Raves and Rants Uncategorized

We should all get a life, but sometimes we can’t

Working on a Saturday should no longer be a new thing if you’re into a field as demanding (and sometimes unforgiving) as information technology or software services. I’ve been in that business for 15 years now and I could say with confidence that I’ve had more than my fair share of weekend work. No big deal.

Problem is, working extended hours becomes a big deal when it becomes the norm instead of the exception. And no, this is not whining. This is lamenting on the plight of good people who are dedicated to their work but at the same time have lives outside of their work. Yes, some of us can be workaholics in the real meaning of the term, but that’s not saying that workaholism is a good thing. In the grinding fast lane of the corporate world, being a workaholic may be admirable, but only for people who, we probably could say need to get a life.

It’s no laughing matter when people are consistently made to work extended hours to the point where they could only talk to friends via instant messaging, only see their kids to tuck them in and their husbands or wives to kiss them goodnight, with the kiss being relegated to nothing more than a fleeting peck from someone who’s been up so late the person could hardly keep his/her eyes open. I wouldn’t call that a life, not by a long shot.

This week could probably be the last straw. I jumped on board a company with the group I’m handling already in the thick of a war against deadlines that had been going on for more than half a year. Interesting time to come into the picture, says my colleagues. At the time I thought it was said as a good thing. I was wrong. With the way the client gives us so-called “hard deadline” — to finish in one week or less (that’s the trend) enough work for a 50-man crew to take a month to finish under marginally reasonable estimates, I learned that my group had been working like horses in the most unforgiving timelines I have ever seen.

Like I said, I’ve been in software services for more than 15 years now, and in all that time, save some rare exceptions, the relationship between client and vendor has always been that a client presents a task and a vendor evaluates whether that task is doable with the given timeline and resources. If not, the vendor pushes back and proposes an alternative. Now here at my current workplace, the term “push back” is almost synonymous to eating live, 12-inches long irradiated Chernobyl earthworms as far as the clients are concerned. Which is the reason why my people have been working as if the office is the only place on earth where they could breathe oxygen. Of course, if they could have it their way, they’d rather spend Saturdays and Sundays with family and friends and relax even for just a bit. But the clients won’t have it. “We have a hard deadline” is their usual statement. Which doesn’t sound like a statement at all. Sounds more like a decree from a dark and angry god.

I’m pissed. I am royally and immutably pissed. I have never seen one sincere and heartfelt smile from my 24-strong group for several weeks now and that’s quickly making for the most hopelessly gloomy workplace I’ve seen. So a few days ago I decided to exercise my prerogative as manager. With the deadline that we have to meet today, the client agreed that they wouldn’t be pushing for additional work anymore to help us meet our commitment. They violated that agreement the next day with another task that required at least a week of work but they demanded we finish for two days. It took us three days, and set us back for that much with our original task for the week. So I sent a status report to the client management stressing that because of the additional work they gave us, our current deadline is now compromised. Of course, I have an action plan in place to make up for lost time, but that would require another working weekend for everyone. The client didn’t catch the part where I said I have a plan and simply told me that if I couldn’t get the job done, they’d find someone else who would.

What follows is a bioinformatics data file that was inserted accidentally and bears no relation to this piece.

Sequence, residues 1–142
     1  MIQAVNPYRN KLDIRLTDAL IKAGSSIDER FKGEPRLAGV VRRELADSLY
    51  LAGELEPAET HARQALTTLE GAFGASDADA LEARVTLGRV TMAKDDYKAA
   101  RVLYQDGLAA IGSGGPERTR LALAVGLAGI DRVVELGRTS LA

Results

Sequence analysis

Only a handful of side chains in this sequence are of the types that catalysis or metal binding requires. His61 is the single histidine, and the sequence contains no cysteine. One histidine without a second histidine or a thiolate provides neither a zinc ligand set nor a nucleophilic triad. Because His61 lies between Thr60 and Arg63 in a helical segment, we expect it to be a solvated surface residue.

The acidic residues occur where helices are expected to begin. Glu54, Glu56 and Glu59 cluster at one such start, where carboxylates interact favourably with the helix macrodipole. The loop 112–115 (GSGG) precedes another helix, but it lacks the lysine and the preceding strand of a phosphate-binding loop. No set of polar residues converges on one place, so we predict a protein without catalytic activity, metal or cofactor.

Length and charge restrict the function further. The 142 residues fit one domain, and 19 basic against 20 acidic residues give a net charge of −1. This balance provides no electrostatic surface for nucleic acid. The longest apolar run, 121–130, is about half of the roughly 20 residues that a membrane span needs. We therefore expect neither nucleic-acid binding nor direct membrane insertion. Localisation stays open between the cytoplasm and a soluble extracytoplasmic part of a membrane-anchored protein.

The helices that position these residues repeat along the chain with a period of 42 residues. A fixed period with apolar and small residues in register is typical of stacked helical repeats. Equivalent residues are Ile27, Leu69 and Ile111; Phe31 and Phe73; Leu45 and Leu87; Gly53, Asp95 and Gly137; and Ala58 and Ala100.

There’s something I need to clarify because of this. Did they really hire me to manage? Because any manager could manage for only so much without having to resort to slave-driving. And right now that’s what I’m forced to do.

And I hate slave-driving.

Two days ago I felt myself choked up from seeing the exhausted and exasperated expressions on the faces of my people when I told them that again, we have to work overtime and weekends. I feel so sorry for them, but I couldn’t do anything about it. The client has released a statement that if we don’t meet this deadline, heads will roll.  If I get axed because of it, that’s fine, anyways I don’t think I could last in a job where I will be forced to treat my team like slaves and work them past their limit. But what weighs heavily on me is I couldn’t guarantee that my team will be spared. Most of them are parents already and they need this job.

Oh, and did I mention that I got this job because the manager that I replaced was axed for this very same issue?

Suckiest job ever. But I care about my team so I couldn’t leave just yet. Wish there’s something that could actually be done to alleviate their plight.

By quistian

An incorrigible Gen-X cynic who writes too damn much